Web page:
Andy Grove, 79, was Intel's first employee in 1968. He played a critical role in the decision to move Intel’s focus from memory chips to microprocessors, and led the firm's transformation into a widely recognized consumer brand.
Grove, who died March 21, became Intel's president in 1979 and CEO in 1987. He served as chairman of the board from 1997 to 2005. Under his leadership, Intel produced the chips, including the 386 and Pentium, that helped usher in the PC era.
Grove was lauded by venture capitalist Ben Horowitz, in a September 2015 award ceremony at the Churchill Club, as "the man who built Silicon Valley."
Born in Budapest in 1936, Grove immigrated to the US in 1957, having survived the Nazi occupation and Soviet repression. After earning a PhD in chemical engineering from UC Berkeley in 1963, Grove was hired by Gordon Moore at Fairchild Semiconductor. When Moore and Robert Noyce left Fairchild to start Intel in 1968, Grove was their first hire, starting work on the day the company was incorporated.
Grove became president of Intel in 1979 and led the company through its most dramatic change, from a company based primary on memory chips to the largest microprocessor manufacturer in the world. Along the way, the company forged partnerships with system manufacturers such as IBM and software companies such as Microsoft to create the modern PC industry.
One of Grove's early challenges in moving Intel from a DRAM-based business to one that specialized in microprocessors was convincing customers that they wanted a processor which was, in many ways, not as powerful or sophisticated as its competitors at the time. The "Intel Inside" campaign was the answer -- and it has been part of the computer marketing landscape for more than 30 years.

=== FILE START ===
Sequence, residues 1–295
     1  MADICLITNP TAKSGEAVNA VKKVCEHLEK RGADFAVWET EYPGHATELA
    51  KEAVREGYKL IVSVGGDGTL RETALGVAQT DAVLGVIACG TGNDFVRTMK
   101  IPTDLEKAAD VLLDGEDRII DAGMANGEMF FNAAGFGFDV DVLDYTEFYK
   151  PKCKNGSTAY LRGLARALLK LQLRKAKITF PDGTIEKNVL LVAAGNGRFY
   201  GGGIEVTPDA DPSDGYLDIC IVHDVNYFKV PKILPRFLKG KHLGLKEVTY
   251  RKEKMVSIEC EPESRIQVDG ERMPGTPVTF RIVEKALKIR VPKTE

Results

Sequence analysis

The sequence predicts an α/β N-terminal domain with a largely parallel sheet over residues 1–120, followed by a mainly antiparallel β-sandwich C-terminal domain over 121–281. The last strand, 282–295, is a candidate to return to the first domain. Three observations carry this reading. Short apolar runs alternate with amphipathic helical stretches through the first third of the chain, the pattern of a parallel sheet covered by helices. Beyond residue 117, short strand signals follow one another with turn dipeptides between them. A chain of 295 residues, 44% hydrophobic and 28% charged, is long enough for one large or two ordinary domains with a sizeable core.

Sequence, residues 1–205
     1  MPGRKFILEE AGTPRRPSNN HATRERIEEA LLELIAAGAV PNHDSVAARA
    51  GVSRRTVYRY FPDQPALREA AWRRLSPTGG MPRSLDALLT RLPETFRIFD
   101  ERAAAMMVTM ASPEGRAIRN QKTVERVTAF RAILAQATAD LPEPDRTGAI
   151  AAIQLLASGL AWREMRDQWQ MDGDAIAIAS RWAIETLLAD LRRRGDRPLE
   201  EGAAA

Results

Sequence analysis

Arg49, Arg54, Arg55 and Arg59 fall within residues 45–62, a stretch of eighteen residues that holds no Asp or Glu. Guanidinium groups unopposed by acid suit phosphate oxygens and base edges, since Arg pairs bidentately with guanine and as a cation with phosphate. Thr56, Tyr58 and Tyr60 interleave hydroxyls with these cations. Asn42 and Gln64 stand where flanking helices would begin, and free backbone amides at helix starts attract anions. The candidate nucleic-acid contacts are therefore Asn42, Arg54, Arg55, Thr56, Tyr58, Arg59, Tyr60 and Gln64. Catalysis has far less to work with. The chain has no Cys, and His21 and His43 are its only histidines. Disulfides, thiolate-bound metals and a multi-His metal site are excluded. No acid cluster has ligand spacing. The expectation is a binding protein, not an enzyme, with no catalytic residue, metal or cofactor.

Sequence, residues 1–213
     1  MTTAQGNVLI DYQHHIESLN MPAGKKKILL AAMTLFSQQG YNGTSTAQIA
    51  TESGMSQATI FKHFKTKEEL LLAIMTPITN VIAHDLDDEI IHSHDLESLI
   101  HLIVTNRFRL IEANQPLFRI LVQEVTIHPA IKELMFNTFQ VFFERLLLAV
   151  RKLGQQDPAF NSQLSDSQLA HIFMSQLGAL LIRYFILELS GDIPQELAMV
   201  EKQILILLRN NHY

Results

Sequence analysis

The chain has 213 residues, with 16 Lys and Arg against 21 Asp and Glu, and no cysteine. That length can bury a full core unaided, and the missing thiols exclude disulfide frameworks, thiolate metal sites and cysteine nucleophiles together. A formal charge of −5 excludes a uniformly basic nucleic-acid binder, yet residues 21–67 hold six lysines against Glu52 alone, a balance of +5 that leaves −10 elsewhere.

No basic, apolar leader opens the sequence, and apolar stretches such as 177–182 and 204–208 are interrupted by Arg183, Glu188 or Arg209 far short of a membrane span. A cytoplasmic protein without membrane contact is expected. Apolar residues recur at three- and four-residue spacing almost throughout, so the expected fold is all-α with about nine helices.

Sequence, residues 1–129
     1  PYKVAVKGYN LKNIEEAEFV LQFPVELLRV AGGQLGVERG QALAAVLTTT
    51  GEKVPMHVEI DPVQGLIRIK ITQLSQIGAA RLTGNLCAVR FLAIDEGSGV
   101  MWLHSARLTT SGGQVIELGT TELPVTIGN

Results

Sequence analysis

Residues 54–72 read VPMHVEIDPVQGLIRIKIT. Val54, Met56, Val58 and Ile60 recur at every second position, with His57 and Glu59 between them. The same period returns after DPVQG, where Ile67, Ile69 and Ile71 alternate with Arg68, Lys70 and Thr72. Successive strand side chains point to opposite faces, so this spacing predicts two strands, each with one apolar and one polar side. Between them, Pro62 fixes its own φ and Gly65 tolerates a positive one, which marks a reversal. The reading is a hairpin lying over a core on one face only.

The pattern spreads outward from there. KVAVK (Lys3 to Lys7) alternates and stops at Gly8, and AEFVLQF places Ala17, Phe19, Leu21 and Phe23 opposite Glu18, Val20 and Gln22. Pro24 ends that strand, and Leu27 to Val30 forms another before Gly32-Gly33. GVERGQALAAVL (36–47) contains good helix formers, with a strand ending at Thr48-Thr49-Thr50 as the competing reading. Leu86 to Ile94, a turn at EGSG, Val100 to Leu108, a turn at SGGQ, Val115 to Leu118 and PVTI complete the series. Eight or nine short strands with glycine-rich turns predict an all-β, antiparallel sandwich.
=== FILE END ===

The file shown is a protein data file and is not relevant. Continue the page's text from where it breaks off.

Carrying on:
Grove's command of the company's technology fortunes was no less sure than his command of partnerships and marketing. He led the company to continually shrink trace and die sizes while raising clock speeds from 4.77 MHz for the 8086 processor used in the original IBM PC to 3.5 GHz for the Pentium G4500 that sits atop the company's workstation processor lineup today.
When computer industry notables wrote tweets and other social media messages in memory of Grove, though, they tended to mention his management style and generosity as a mentor, rather than business alliances and clock rates. It's not that he was a gentle manager -- far from it -- but those who worked for him were often changed by the experience.
The author of two books on management -- High Output Management (1983) and Only the Paranoid Survive (1996) -- Grove promoted a work culture built around what he called "constructive confrontation" in which ideas were challenged and brutally dissected. Grove's own ideas were not immune, and managers spoke of meetings in which they yelled at Grove with no thought of repercussion. The secret to succeeding in a meeting (or argument) with Grove was to back up proposals with data and support opinions with facts. Rigor in pursuit of strategy and success would become a key part of Grove's Silicon Valley legacy.
Grove's impact on the industry reached far beyond the walls of Intel. Generations of computer industry entrepreneurs and executives viewed him as a mentor. Grove was famously generous with his time for young technology leaders, mentoring Bill Gates, Steve Jobs, Larry Ellison, Michael Dell, and Mark Zuckerberg, among others.
Grove was successfully treated for prostate cancer in the mid-1990s and was diagnosed with Parkinson's disease in 2000. He retired from Intel as chairman of the board in 2005.
Many in our industry leave technologies as their legacy. Some leave companies as their heritage. It can only be said of a select few that they left behind an entire industry. An argument can be made that Andy Grove is president of that elite group.